Weed grass invasion may come in the form of crabgrass and goosegrass, but their encroachment can usually be controlled with applications of preemergent herbicides. Unfortunately, these herbicides have their own detrimental side effects. The other weed grass which presents a problem is Poa annua, and this one is more difficult to control. The drawback to having Poa annua as a main constituent of greens is that it is an inconsistent grass when subjected to weather extremes.

It is no secret that moss and algae can be major problems at courses with fast greens. Low cutting heights and low fertility practices reduce the recuperative ability of the turf as well as its competitiveness. We've all heard that the best defense against weed grass invasion is to grow a healthy stand of turf; and this is true. The most effective way to control moss and keep it controlled is to increase fertility and raise cutting heights. In short, increase the vigor of the turf.

Weather has not yet been mentioned, yet this is surely the most significant variable superintendents must deal with. When rigorous cultural practices for improving speed are combined with extended periods of stressful weather, it can have a detrimental effect on the turf. The result can be loss of density, increased disease activity, or outright loss of turf.

Wet weather can completely change the character of a golf course by softening green surfaces and reducing green speed. When an extended period of wet weather occurs in an area, golf course superintendents have to be concerned about the health of the turf as well as the speed of the greens. Saturated soils and heavy play can cause root dieback and enhance disease activity, and the last thing the superintendent wants to hear is the members' requests for faster greens.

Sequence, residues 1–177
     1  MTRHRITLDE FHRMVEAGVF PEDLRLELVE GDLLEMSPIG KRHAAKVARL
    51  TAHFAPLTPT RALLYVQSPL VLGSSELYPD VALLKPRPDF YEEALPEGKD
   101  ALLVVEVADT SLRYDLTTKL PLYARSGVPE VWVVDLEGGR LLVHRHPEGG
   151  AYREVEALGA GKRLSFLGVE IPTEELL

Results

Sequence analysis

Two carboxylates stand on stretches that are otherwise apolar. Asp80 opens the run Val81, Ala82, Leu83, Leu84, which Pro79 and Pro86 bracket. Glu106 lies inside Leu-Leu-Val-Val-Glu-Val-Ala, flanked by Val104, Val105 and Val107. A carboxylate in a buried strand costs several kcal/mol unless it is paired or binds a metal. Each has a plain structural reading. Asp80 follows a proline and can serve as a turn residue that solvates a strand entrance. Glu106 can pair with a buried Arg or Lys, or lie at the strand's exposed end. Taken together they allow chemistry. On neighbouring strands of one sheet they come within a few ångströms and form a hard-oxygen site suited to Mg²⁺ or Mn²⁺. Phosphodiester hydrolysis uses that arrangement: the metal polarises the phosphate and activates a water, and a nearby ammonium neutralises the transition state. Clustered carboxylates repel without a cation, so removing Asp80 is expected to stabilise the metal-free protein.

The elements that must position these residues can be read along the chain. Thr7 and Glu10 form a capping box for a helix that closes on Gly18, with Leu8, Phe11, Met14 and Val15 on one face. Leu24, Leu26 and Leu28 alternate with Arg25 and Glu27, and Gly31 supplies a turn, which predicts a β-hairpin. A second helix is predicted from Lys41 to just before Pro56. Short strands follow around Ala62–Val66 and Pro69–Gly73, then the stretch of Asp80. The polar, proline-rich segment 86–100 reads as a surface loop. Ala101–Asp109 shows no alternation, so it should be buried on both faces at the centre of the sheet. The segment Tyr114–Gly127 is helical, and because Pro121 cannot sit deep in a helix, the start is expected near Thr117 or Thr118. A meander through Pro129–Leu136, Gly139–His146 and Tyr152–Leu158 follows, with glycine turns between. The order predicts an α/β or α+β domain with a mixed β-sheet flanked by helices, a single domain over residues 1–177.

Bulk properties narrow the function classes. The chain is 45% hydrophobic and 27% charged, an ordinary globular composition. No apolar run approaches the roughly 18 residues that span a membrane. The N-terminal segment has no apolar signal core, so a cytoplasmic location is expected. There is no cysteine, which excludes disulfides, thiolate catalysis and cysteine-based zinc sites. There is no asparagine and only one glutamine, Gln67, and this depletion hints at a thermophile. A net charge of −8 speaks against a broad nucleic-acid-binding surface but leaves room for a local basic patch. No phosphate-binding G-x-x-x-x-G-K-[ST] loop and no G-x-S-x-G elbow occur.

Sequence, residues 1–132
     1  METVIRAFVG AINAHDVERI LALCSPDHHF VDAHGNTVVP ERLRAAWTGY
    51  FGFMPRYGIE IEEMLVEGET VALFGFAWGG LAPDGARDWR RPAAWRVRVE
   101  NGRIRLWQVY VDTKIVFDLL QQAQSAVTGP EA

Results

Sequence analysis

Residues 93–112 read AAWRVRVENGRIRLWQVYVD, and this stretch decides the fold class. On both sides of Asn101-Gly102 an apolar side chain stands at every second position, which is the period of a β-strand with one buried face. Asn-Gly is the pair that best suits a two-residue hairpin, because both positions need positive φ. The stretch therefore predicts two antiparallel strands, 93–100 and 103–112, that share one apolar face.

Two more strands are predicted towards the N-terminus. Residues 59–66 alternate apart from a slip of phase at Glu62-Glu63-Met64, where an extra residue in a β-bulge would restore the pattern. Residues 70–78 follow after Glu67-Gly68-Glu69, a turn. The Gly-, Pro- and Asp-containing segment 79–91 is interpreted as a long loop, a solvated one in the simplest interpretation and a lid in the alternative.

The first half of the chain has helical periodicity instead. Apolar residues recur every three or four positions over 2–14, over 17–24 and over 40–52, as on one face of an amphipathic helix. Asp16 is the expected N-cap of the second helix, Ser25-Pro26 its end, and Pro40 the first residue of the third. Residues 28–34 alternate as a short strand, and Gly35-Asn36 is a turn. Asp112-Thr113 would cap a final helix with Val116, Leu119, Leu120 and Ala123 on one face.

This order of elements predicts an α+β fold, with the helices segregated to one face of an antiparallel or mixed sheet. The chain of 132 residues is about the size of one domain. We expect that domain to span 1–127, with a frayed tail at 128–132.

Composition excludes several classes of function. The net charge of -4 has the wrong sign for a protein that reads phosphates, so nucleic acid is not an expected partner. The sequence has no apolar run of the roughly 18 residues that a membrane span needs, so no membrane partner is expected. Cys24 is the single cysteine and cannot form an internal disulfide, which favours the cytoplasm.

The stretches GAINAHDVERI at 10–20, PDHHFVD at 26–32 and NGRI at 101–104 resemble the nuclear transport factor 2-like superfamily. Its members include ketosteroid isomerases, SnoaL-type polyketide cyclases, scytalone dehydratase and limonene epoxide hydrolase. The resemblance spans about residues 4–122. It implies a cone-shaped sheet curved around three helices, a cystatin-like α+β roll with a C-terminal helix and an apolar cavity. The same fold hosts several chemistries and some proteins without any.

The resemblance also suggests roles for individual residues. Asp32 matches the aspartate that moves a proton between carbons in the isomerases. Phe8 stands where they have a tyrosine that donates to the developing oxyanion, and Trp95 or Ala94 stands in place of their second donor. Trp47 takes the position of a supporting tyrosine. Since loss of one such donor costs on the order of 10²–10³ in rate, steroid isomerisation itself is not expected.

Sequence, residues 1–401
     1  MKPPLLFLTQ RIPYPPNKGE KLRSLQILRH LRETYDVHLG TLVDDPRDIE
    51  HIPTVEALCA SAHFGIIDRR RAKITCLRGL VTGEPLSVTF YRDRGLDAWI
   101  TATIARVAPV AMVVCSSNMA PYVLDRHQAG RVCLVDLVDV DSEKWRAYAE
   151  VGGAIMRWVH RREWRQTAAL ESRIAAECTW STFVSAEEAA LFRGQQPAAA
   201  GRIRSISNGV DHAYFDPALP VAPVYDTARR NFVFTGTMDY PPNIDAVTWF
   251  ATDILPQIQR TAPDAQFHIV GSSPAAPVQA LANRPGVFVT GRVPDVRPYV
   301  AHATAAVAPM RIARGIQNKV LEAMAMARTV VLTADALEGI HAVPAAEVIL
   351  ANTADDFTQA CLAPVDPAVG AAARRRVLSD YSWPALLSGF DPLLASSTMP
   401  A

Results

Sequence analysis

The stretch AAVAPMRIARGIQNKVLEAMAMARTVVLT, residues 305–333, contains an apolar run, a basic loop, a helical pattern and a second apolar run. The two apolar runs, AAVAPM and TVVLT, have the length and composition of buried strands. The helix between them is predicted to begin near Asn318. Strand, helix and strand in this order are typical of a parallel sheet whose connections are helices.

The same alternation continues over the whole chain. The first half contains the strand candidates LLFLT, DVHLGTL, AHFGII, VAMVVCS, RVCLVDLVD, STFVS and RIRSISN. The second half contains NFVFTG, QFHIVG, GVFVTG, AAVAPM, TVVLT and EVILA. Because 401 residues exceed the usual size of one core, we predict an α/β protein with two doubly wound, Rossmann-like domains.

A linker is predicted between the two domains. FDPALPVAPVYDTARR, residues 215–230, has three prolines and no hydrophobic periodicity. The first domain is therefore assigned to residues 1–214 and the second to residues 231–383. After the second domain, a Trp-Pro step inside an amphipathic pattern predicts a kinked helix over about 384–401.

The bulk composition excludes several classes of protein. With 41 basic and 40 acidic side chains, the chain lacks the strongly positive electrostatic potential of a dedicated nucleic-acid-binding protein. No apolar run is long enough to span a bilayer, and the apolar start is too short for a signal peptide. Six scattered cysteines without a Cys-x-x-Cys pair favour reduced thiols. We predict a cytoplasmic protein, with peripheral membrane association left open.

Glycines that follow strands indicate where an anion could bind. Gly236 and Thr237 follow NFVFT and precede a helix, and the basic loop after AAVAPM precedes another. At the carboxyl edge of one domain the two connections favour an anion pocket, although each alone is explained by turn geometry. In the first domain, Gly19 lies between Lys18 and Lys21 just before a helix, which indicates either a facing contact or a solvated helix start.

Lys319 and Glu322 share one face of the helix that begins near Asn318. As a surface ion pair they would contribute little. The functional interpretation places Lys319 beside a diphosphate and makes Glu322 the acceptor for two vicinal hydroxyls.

The geographic location of the golf course has much to do with how easy it is to develop fast green speeds. Maintenance practices which produce smooth, fast greens in cooler climates will likely produce dead turf in hotter, more humid areas. What can be done at one latitude or elevation cannot necessarily be done in another. How long is the stress period at your location? Is August normally the only bad weather month, or does your course experience three months or more of stress? How does your course come out of the winter? Is it healthy, or is winterkill a real problem? Sometimes we should just be thankful to have decent turf, let alone fast greens.

Turfgrass root systems play an important role in the turf's ability to withstand stress. Healthier, deeper roots translate to better stress tolerance. We have become more aware of the value of healthy roots in recent years, partly because unhealthy, weak-rooted turf is so often observed. The response has included innovations in aeration equipment and an increasing variety of fertilizers and growth-related products introduced to improve rooting and stress tolerance.

All of this is in direct response to a persistent trend in putting green management: The amount of stress being placed on putting greens increases every year. The stress comes in the form of heavier play and increased demand for faster green speeds. It is no wonder that two of the most commonly observed diseases on greens in many parts of the country in recent years have been anthracnose and summer patch, both stress-related diseases.